Unpeeling the evidence for the banana bag: Evidence-based recommendations for the management of alcohol-associated vitamin and electrolyte deficiencies in the ICU

Alexander H. Flannery, David A. Adkins, Aaron M. Cook

Research output: Contribution to journalReview articlepeer-review

45 Scopus citations

Abstract

Objective: Patients with a chronic alcohol use disorder presenting to the ICU may be deficient in important vitamins and electrolytes and are often prescribed a "banana bag" as a reflexive standard of therapy. The difficulty of diagnosing Wernicke's encephalopathy in the critical care setting is reviewed. Furthermore, whether the contents and doses of micronutrients and electrolytes in standard banana bags meet the needs of critically ill patients with an alcohol use disorder is assessed based on available evidence. Data Source: MEDLINE/PubMed (1966 to June 2015) database search, the Cochrane Database of Systematic Reviews, and manual selection of bibliographies from selected articles. Study Selection and Data Extraction: Articles relevant to Wernicke's encephalopathy, vitamin and electrolyte deficiencies in patients with alcohol use disorders, and alcoholic ketoacidosis were selected. Articles were narratively synthesized for this review. Data Synthesis: Of these deficiencies, thiamine is the most important for the practicing clinician to assess and prescribe replacement in a timely manner. Based on a pharmacokinetic assessment of thiamine, the banana bag approach likely fails to optimize delivery of thiamine to the central nervous system. Folic acid and magnesium may also merit supplementation although the available data do not allow for as strong a recommendation as for prescribing thiamine in this setting. There is no available evidence supporting the prescription of a multivitamin. Conclusions: Based on the published literature, for patients with a chronic alcohol use disorder admitted to the ICU with symptoms that may mimic or mask Wernicke's encephalopathy, we suggest abandoning the banana bag and utilizing the following formula for routine supplementation during the first day of admission: 200-500 mg IV thiamine every 8 hours, 64 mg/kg magnesium sulfate (approximately 4-5 g for most adult patients), and 400-1,000 μg IV folate. If alcoholic ketoacidosis is suspected, dextrose-containing fluids are recommended over normal saline.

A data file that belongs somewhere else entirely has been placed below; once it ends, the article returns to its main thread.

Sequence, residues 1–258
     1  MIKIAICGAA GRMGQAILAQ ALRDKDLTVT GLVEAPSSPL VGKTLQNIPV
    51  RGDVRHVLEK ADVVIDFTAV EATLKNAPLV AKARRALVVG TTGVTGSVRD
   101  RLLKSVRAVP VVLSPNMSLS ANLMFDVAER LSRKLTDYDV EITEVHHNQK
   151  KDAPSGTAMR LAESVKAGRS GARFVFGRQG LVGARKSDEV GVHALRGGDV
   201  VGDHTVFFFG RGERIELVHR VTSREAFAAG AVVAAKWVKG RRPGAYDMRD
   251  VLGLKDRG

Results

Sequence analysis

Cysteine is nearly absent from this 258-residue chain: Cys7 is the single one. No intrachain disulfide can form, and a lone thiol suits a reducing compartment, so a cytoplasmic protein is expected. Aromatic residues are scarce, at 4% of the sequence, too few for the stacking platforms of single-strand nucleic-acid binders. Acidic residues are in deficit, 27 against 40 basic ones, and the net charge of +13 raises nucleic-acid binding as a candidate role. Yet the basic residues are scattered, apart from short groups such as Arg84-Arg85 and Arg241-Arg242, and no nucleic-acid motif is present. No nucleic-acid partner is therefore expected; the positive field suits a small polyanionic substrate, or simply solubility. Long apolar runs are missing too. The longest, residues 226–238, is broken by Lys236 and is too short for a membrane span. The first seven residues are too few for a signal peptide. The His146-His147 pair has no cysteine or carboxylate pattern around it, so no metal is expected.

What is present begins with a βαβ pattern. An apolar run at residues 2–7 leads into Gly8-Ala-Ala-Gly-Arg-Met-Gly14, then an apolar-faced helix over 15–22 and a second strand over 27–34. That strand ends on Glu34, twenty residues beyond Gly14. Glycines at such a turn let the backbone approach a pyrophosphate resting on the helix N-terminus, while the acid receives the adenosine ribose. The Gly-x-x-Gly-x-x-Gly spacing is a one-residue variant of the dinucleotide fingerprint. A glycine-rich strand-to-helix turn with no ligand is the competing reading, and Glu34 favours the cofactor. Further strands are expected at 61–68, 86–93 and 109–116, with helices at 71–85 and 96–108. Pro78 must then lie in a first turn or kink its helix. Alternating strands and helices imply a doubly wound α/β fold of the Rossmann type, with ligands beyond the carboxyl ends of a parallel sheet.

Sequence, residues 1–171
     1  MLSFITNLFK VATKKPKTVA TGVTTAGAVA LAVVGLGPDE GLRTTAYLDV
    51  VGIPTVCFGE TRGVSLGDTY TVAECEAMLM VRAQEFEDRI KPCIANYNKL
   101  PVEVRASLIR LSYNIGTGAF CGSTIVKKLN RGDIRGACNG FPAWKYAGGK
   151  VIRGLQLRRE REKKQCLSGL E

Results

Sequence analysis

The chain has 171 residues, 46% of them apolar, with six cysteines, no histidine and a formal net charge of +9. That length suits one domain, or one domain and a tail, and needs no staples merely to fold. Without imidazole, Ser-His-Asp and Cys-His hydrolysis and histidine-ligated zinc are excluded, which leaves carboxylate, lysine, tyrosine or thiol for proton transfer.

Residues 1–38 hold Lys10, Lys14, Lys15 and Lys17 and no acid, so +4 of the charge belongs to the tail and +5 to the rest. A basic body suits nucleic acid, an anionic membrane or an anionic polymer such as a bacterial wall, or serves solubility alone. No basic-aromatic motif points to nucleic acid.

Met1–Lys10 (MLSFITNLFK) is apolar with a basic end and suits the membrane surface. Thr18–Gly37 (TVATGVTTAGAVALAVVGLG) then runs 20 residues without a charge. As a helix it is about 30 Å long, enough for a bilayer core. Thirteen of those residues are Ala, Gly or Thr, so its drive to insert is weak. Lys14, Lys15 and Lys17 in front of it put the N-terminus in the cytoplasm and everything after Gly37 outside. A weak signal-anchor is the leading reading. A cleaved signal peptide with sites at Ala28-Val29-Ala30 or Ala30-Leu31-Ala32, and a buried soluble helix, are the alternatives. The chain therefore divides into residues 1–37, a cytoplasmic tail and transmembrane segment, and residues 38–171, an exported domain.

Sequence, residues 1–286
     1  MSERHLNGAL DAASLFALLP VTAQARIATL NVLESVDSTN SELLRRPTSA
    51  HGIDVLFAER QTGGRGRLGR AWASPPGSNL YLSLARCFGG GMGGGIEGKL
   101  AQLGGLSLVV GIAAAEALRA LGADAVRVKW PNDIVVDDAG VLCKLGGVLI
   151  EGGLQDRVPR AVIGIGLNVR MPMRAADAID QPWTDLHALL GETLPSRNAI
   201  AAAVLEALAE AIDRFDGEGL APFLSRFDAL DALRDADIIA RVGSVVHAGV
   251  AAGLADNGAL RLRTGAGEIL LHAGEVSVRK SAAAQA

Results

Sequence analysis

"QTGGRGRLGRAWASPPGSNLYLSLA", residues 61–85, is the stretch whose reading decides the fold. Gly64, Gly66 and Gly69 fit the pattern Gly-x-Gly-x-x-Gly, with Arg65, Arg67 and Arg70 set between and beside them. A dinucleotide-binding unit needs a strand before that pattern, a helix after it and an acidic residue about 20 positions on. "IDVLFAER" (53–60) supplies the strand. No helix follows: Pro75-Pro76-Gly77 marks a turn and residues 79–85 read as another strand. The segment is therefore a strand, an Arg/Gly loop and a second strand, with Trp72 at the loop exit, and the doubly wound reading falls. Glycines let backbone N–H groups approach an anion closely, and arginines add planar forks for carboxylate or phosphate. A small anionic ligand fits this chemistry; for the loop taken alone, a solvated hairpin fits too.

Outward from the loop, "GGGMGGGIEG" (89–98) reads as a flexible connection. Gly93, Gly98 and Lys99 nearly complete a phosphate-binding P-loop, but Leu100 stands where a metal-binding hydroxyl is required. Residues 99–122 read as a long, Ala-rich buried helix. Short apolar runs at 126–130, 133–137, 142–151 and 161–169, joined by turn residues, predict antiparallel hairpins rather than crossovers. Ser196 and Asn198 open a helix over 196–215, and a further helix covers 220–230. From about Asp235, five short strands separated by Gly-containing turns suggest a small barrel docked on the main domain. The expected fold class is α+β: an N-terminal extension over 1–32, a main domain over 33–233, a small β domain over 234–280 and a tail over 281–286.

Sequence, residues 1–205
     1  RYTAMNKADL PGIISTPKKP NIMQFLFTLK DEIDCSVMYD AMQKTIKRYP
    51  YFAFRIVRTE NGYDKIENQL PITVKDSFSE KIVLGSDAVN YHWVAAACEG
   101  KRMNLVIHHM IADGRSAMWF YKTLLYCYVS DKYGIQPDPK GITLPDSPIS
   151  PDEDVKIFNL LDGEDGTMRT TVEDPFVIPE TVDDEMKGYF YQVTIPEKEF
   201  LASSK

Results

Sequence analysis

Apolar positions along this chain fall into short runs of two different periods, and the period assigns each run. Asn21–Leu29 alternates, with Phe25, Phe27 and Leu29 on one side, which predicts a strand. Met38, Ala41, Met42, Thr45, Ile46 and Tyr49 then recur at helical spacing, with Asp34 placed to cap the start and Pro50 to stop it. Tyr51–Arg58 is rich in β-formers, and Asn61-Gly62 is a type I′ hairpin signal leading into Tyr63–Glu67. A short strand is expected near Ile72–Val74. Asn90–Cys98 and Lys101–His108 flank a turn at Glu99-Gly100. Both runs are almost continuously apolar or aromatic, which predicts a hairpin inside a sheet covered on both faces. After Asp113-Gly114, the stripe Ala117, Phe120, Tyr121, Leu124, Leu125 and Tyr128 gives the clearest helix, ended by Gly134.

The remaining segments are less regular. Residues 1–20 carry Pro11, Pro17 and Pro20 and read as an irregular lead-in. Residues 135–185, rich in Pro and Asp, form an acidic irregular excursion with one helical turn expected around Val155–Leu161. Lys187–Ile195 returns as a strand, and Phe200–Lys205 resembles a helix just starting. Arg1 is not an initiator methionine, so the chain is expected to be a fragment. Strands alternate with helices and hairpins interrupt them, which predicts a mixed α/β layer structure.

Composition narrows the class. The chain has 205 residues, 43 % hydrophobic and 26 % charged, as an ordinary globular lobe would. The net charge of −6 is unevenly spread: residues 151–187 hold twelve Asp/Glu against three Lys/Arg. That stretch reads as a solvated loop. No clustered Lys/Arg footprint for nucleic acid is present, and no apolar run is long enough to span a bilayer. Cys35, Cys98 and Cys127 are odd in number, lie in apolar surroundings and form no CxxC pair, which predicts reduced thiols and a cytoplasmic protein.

Original languageEnglish
Pages (from-to)1545-1552
Number of pages8
JournalCritical Care Medicine
Volume44
Issue number8
DOIs
StatePublished - Aug 1 2016

Bibliographical note

Publisher Copyright:
© 2016 by the Society of Critical Care Medicine and Wolters Kluwer Health, Inc.

Keywords

  • Wernicke's encephalopathy
  • alcohol
  • alcohol use disorder
  • critical care
  • electrolytes
  • folic acid
  • ketoacidosis
  • magnesium
  • multivitamin
  • thiamine

ASJC Scopus subject areas

  • Critical Care and Intensive Care Medicine

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